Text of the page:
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South Elgin Workers' Comp LawyerThe Chicago area is a complex and ever-growing network of transportation, industry, commerce, education, and daily life. Whether driving up Lake Shore Drive, down 90/94, or west on 290, one can only marvel at size and scope of the area. While the city’s skyline might appear to magically expand, building by building and floor by floor, such development is, of course, the product of the labor of the city’s workers. 

The same is true of Chicago area roads and bridges. In a city that is pummeled by winter weather for much longer than the season’s official three months, near constant upkeep of this infrastructure is required. This responsibility again falls to Illinois workers. 

Because the construction and maintenance of Chicagoland’s buildings, transportation grid, and utilities occurs amidst the near infinite moving parts and people of daily life, work-related accidents and injuries are bound to happen. Fortunately for Illinois workers, the state has a “no-fault” statute with regard to work-related injuries. This law that can make all the difference in obtaining the compensation you need and deserve after suffering a work-related injury.  


What to Do After a Kane County Hit-and-Run Accident

Automobile accidents can cause a great deal of physical and emotional difficulty, and hit-and-run accidents are particularly devastating. Besides being potentially injured and understandably shaken, victims in such situations may feel a sense of hopelessness or dread. How will they ever repair their vehicle? Who will cover their medical expenses? Should they call the police? Each situation is different, but victims in these cases can take the following steps to protect themselves and obtain the care they need while pursuing compensation for their damages.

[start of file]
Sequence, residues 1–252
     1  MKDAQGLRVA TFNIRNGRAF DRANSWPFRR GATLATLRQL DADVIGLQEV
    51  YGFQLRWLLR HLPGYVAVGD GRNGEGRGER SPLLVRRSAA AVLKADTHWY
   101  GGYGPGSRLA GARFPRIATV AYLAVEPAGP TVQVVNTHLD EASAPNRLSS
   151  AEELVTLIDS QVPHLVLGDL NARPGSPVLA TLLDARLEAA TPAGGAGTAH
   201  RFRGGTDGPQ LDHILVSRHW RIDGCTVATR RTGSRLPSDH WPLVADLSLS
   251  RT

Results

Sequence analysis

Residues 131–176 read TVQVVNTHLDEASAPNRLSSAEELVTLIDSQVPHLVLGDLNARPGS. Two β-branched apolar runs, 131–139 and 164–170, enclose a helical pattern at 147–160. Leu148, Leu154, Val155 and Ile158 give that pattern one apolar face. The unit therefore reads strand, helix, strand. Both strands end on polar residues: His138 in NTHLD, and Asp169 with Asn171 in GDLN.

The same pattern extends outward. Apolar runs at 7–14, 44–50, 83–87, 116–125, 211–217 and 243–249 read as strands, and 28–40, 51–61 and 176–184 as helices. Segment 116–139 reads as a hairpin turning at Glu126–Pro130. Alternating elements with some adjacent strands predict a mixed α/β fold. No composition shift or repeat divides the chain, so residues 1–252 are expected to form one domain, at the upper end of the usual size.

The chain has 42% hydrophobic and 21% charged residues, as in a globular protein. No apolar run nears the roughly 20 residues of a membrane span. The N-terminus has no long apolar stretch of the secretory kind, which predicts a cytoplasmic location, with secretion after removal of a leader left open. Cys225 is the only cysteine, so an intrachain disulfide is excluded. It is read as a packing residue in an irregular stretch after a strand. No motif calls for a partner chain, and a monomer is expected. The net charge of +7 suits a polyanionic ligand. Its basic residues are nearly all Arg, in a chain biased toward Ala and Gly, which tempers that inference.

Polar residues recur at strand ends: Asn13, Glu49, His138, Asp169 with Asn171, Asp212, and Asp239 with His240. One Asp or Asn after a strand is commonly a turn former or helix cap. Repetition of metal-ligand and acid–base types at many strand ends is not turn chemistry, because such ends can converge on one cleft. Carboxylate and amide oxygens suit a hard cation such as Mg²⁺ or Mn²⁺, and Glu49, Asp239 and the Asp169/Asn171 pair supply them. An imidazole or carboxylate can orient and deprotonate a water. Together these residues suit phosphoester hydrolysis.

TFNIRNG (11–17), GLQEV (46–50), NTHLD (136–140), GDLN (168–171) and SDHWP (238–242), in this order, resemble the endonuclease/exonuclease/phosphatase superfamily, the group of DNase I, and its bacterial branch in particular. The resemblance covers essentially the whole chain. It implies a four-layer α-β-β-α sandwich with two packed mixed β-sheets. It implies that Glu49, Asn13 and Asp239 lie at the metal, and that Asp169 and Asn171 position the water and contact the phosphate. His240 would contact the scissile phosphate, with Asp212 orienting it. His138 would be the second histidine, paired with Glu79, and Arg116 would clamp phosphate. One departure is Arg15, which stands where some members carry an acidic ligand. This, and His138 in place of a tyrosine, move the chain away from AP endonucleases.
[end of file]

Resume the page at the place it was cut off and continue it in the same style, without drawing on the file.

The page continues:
At the Scene of the Accident

If you have been injured and are left at the scene of an accident, you may need to call emergency responders to the scene. Should this be necessary, law enforcement is likely to show up to the scene as well, and you will be able to make a report to them once you have been examined by a qualified medical professional. If, on the other hand, you were uninjured, you may call the police to report the accident.


Examining the Recent Changes to Illinois Child Support Laws

Historically, Illinois has used a straightforward calculation to determine the amount of child support that a non-custodial parent must pay to a custodial parent, basing the amount of support payments on a percentage of the paying parent’s income. That all changed in July of 2017, when a change to the Illinois Marriage and Dissolution of Marriage Act went into effect. The new law can have a major impact on your Kane County child support case.

A Closer Look at the New Income Shares Model

The previous method of calculating child support obligations was unfortunately not always an effective model. The actual costs of raising a child were not considered, nor was parenting time or the receiving parent’s income. The new model takes all these factors into account. Spousal support, which may be awarded in some divorce cases, is also factored in, whenever applicable.

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